The term “Late Prehistoric” refers to a time period designation created by archaeologists to help define the chronology of Iowa’s archaeological past. This archaeological time period begins approximately A.D. 900-1000 and ends with the arrival of Europeans. The Late Prehistoric time period is characterized by significant Indigenous technological innovations and adaptations such as large-scale agriculture focused on corn, year-round villages and settlements, use of the bow and arrow, and increased social and economic complexity.
Mill Creek, Glenwood, Oneota, and Late Great Oasis are archaeological terms for cultural designations based on material evidence for regional/geographical, temporal, and technological patterns. Regionally, Mill Creek sites are found in northwest Iowa, Glenwood sites in far southwest Iowa, Great Oasis sites mostly in central to northwest Iowa, and Oneota sites across the state and beyond. We have learned from archaeological research and through Indigenous oral histories shared with us that the people in the cultural tradition that archaeologists refer to as Oneota are direct ancestors of today’s Iowa (Ioway), Ho-Chunk (Winnebago), Oto, Missouria, Ponca, and Omaha tribes while the Mill Creek archaeological culture is ancestral to today’s Three Affiliated Tribes (Mandan, Arikara, and Hidatsa), among others. The Glenwood archaeological culture is likely ancestral to many Tribes historically known from the Plains.
OSA does not share photographs of human skeletal materials, burials, or funerary and sacred objects out of respect for our Tribal partners and Indigenous communities. This ethical practice is gradually being adopted by individuals, agencies, organizations, and institutions across the U.S. and beyond. Illustrations of skeletal remains are sometimes used as alternative imagery, after consultation with our Tribal partners.
OSA continues to review our public materials to redact these images when possible.
Active Archaeological Projects
Much of OSA archaeological field work is done under contract. For some projects, our clients institute their own photo policies, and we defer to those policies. Additionally, there may be issues of sensitivity or confidentiality. If you encounter OSA staff on an archaeological field work project, ask for the Project Manager to inquire about permissions before taking and sharing photos.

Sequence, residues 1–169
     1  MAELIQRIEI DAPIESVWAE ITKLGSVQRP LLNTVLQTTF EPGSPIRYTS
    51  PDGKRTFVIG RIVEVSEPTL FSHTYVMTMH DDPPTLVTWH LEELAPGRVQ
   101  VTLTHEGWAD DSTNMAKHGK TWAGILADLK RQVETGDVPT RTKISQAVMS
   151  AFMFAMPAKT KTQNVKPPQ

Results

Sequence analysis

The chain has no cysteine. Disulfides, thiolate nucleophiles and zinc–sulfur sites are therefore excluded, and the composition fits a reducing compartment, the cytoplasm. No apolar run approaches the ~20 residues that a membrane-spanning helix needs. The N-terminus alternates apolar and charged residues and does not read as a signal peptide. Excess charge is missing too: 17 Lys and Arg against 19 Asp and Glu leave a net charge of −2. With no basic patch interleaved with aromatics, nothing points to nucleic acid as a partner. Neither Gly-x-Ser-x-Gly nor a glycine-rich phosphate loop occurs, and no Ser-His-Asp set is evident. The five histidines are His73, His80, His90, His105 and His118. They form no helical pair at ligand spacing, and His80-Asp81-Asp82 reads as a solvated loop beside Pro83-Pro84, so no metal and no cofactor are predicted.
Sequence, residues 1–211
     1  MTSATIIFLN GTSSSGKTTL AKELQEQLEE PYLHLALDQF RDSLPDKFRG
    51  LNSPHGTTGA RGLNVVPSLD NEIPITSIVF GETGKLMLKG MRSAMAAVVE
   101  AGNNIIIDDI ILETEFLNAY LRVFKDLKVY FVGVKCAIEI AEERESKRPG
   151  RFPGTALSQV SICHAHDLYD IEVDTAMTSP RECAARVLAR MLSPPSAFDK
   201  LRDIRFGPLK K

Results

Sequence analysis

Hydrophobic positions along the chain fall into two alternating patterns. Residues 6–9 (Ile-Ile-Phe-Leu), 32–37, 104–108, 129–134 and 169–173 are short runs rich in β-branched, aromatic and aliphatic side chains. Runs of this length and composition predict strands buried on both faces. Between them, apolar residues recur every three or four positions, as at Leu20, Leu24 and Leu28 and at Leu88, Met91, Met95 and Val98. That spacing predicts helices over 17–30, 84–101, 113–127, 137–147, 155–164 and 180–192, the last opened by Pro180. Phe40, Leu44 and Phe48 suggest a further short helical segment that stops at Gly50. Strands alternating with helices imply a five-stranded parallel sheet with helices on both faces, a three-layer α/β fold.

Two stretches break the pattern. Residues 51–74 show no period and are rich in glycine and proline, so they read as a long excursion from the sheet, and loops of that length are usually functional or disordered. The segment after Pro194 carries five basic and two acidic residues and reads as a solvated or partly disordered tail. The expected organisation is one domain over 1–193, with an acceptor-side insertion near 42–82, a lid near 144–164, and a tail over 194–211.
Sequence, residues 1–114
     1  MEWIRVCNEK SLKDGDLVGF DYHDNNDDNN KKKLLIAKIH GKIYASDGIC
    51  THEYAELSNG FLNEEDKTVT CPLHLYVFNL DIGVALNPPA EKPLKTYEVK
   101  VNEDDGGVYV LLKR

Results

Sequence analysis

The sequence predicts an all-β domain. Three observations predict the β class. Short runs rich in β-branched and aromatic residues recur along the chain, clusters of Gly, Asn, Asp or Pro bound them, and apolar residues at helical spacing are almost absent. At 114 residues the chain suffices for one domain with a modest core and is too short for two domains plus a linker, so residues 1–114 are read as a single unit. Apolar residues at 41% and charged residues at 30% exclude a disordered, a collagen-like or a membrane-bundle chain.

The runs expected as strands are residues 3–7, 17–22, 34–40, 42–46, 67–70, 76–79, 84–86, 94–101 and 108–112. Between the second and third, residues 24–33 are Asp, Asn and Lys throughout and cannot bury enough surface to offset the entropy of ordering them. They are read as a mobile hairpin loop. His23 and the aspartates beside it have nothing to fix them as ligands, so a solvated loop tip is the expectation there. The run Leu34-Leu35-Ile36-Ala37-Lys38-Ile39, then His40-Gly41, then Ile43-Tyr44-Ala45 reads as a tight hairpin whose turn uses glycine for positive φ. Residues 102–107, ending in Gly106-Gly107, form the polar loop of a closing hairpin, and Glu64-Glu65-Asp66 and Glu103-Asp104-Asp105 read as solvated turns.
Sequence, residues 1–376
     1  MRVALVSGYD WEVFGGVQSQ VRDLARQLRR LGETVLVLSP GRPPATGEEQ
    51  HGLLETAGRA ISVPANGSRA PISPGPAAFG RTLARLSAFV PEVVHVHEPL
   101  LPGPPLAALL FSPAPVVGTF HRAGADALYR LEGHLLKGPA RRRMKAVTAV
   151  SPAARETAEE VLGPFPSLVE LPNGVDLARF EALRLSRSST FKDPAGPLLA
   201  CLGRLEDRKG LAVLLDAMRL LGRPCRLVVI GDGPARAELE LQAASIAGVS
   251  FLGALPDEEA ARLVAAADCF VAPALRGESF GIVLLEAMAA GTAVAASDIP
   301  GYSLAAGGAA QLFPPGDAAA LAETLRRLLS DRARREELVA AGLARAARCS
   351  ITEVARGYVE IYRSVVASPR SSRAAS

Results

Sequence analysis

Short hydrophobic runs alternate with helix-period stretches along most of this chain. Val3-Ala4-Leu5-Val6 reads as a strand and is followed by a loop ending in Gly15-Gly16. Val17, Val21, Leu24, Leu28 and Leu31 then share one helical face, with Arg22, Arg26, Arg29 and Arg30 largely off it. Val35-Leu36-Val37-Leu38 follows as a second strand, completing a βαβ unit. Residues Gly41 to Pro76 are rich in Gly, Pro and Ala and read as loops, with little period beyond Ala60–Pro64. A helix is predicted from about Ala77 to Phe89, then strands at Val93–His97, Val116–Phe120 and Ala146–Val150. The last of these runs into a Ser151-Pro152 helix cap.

Events and Tours
Typically when interacting with the public, OSA ensures that the artifacts we showcase are not culturally sensitive. When interacting with archaeologists at an event or in our office, we typically encourage event and object photographs; however it is courteous to ask for permission first.
Many children attend our public events. Regarding social media, be aware of privacy and safety issues for minors. If you don't have permission from parents or guardians, do not publicly post images of children.
OSA has several popular social media channels: Facebook, Twitter, Instagram, and YouTube. When possible, please tag our institutional pages in your posts and shares. We appreciate a tag or credit when our original content is circulated. It is common for people to either plagiarize or copy/paste OSA web content and share images without providing credit. Much of the time, this is unintentional. We enjoy sharing this content with the public and want to be able to answer questions when they arise or provide additional resources to those who are interested.
Out of individual concerns for privacy, please do not tag an OSA staff member's personal accounts without their permission.
Please consult with us on the appropriate use of our logos for your social media or print posts and flyers. The University of Iowa recently changed their branding, and we can provide you with updated and high quality versions with or without transparent backgrounds.